Suppose a background check reveals an exotic dancer has been a prostitute. Shouldn’t we be glad that she is now earning her living legally by dancing? If she’s not allowed to dance at a cabaret, she may return to a street corner on Van Buren, or go on public assistance.

Usually licenses and clearance checks are required for high-level jobs that involve public health and safety or access to sensitive information. Being an exotic dancer requires no real training or education and is usually done by college students or by women at the low end of the social/economic spectrum. It’s difficult to imagine that cabaret dancing is such a crucial position that licensing and background checks are necessary.

I am not interested in swinger’s clubs, so I am not so familiar with what takes place there. The media coverage does not reveal why they are to be completely prohibited. Since it is fairly clear that the reasons given for all of these proposed crackdowns are not valid, and the new restrictions are not closely related to the concerns of community leaders, I can only conclude that the real issue is one of power.

In a large and diverse city such as Phoenix, it is reasonable that people will differ as to their moral viewpoints and values. What is clear is that those who have political power are using to impose their moral ideology on those who lack power, and using some vague concerns about community values as a justification.

So where will we be in a year? Assuming the city council passes these misguided rules, all of the urban problems will remain unsolved. Prostitutes will still be on the streets; neighborhoods will still face the usual woes of drugs and crime. A few adult businesses will have closed or relocated and some entertainers may have lost their jobs.

To me, the major difference will be that my quality of life will have declined. I will no longer be able to sit and chat for awhile with a lovely undressed woman, or cuddle with her for a few minutes during a lap dance or enjoy the intimacy of a private show. One other thing: I and others like me will remember who was responsible for this.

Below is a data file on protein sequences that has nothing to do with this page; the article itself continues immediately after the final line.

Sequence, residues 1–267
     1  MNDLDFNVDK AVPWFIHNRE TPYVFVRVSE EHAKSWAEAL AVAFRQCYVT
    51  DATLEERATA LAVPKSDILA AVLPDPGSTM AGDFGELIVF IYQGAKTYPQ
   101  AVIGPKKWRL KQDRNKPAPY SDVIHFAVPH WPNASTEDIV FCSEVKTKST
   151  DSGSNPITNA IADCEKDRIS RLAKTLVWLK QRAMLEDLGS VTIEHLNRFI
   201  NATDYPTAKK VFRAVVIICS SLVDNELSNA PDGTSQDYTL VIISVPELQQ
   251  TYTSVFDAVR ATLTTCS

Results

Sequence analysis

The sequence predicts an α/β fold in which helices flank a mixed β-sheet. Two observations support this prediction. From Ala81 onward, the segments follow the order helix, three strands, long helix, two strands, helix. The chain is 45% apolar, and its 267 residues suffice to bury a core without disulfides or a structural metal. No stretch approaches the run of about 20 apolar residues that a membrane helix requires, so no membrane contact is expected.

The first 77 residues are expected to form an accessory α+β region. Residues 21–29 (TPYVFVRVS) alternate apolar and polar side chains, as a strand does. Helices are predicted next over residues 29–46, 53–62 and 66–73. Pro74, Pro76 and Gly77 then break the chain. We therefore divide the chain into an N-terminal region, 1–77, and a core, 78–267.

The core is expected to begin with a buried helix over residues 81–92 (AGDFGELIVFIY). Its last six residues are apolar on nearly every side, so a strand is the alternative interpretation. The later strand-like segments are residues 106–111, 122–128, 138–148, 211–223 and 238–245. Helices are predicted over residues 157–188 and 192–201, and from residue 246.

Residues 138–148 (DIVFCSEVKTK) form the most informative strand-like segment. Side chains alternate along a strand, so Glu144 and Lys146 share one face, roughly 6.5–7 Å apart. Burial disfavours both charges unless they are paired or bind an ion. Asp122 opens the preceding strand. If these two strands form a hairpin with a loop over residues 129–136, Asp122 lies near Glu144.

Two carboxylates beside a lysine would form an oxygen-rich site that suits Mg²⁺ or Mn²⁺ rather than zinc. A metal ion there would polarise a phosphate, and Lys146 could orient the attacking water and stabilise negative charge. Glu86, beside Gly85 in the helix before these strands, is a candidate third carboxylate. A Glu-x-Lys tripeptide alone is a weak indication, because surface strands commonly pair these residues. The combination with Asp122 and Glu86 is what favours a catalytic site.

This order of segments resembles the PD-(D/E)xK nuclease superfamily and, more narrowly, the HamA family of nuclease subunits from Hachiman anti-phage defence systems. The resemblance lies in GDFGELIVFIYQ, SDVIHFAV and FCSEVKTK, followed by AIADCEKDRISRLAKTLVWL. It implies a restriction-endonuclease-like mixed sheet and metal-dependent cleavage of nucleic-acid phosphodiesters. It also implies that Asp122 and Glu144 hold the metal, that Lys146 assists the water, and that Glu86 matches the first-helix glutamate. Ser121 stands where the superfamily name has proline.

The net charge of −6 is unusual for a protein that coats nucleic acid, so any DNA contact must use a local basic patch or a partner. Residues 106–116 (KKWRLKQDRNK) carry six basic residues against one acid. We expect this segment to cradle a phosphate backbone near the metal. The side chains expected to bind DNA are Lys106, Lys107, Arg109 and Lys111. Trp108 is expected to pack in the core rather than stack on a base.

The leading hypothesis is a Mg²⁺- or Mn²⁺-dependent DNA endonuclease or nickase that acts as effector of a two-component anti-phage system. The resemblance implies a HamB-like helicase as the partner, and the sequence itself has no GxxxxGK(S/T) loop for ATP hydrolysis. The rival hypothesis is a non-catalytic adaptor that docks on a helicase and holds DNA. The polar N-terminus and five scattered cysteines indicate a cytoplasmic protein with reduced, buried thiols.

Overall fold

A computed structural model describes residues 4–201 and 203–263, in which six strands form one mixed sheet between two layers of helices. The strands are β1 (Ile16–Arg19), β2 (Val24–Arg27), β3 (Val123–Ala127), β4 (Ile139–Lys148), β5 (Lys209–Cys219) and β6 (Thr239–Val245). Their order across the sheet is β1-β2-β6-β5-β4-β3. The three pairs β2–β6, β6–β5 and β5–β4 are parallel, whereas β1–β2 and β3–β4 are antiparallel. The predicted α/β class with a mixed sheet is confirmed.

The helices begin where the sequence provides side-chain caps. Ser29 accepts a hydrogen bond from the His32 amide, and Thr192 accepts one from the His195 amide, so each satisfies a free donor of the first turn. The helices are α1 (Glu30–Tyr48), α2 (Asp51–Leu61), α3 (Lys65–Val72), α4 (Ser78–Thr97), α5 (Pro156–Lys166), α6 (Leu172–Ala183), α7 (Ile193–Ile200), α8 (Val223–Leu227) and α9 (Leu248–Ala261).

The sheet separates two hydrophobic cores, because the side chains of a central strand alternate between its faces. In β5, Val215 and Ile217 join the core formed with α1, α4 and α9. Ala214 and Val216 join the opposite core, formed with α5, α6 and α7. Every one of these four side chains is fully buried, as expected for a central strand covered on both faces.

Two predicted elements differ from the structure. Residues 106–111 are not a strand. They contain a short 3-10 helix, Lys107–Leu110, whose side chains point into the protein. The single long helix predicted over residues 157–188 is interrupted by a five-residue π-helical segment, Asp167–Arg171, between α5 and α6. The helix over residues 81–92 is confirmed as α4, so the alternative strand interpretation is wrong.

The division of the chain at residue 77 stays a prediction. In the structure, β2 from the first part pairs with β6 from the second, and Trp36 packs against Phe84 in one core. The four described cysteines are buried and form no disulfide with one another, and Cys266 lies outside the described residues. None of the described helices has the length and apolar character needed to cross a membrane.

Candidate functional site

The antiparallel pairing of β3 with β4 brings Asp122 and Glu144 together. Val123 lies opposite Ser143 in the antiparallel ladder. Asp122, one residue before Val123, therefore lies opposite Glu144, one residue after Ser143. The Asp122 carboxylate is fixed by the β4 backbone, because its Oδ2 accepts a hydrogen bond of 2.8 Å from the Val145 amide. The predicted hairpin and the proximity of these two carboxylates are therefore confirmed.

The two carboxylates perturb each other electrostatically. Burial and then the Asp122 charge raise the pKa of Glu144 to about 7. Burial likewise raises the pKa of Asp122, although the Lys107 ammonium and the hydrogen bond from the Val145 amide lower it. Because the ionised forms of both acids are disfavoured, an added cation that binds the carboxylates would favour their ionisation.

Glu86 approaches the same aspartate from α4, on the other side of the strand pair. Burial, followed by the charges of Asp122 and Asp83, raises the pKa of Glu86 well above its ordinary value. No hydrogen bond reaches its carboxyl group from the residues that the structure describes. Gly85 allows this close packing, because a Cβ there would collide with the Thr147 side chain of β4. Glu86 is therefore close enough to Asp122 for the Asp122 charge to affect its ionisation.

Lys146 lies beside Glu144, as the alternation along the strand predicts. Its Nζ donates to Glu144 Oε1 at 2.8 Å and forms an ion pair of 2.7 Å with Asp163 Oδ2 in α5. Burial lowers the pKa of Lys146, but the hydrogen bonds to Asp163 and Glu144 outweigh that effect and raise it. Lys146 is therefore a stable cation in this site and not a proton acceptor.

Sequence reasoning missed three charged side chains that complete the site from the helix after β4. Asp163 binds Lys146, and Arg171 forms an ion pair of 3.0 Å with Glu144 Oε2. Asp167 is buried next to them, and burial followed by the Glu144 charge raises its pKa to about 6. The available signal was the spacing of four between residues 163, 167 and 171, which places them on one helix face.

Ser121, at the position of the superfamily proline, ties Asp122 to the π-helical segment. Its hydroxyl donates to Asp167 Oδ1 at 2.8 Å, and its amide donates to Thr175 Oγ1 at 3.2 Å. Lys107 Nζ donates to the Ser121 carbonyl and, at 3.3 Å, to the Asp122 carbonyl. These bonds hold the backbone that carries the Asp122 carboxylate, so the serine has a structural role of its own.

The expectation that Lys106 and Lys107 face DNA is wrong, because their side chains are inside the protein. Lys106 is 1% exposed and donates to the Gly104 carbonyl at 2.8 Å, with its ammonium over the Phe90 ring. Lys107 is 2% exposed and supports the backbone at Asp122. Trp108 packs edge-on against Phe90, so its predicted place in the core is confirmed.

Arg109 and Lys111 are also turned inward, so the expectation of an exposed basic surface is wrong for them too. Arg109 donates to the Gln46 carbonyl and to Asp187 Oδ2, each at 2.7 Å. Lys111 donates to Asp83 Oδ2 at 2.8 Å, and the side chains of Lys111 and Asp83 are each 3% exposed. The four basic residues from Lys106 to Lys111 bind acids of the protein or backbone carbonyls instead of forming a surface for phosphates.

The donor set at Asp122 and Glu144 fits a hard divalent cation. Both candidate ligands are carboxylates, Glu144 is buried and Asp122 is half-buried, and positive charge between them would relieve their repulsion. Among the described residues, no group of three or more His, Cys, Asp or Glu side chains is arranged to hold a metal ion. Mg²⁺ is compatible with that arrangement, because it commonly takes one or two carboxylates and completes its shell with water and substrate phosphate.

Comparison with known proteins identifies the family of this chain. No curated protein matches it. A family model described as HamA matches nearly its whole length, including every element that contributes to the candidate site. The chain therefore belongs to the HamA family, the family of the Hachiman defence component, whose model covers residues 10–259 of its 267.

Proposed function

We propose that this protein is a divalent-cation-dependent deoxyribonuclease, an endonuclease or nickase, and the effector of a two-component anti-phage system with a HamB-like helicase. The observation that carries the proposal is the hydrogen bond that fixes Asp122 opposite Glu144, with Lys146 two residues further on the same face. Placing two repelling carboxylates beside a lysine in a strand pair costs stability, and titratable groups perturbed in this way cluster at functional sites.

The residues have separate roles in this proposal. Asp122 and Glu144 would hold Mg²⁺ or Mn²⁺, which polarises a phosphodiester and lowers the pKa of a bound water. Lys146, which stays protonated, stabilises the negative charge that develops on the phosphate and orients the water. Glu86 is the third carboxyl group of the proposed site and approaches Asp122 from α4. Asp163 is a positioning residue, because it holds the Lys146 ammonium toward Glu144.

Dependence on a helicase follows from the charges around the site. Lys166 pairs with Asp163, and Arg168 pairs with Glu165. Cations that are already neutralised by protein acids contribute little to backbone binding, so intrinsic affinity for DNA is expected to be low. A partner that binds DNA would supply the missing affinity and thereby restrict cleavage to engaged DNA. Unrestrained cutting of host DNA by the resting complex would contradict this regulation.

How many of you on the City Council have tried to find a parking space at Bourbon Street Circus or Le Girls on a Thursday, Friday or Saturday night? There are an awful lot of us out here. We don’t come and speak at meetings and most of us don’t write letters. But we live here; we pay taxes and we vote. At election time, we will remember who took away one of life’s pleasures.

There is another answer. Phoenix politicians can exercise bold political vision. Instead of adding yet more regulations, they could loosen things up. Cities such as Tampa and San Francisco allow full contact lap dances without restrictions and have seen no horrible effect on their quality of life. In fact, such activities probably add to the tourism draw for these cities. Why could not Phoenix take the same steps?

Copies of this letter will be sent to appropriate local media.


1. The people of the United States recognize sexual expression as a fundamental human right. Accordingly, any adult person has the right to engage in a sexual relationship with any other adult person, provided there is mutual consent. Neither Congress nor the states shall enact legislation prohibiting such relationships, nor may they seek to control the circumstances surrounding such relationships.

2. Because human sexual expression is a protected fundamental right, neither Congress nor the states shall enact legislation prohibiting any adult person from creating, producing, performing, receiving or viewing sexually explicit material, whether such material is presented for educational or entertainment purposes. Sexually explicit material may be presented in person, or through any media, including but not limited to books, magazines, films, videotapes, computer disks and computer transmissions.

3. All existing legislation, whether enacted by Congress or by any state, that is inconsistent with this article will become invalid upon the adoption of this article.

Replies about the new strip club proposals:

"I agree absolutely with your take on consensual contact between adults. It is almost election time and the city council and the state legislators want to ensure that they are doing what they believe the "good" people want them to do. They believe only the "good" people vote.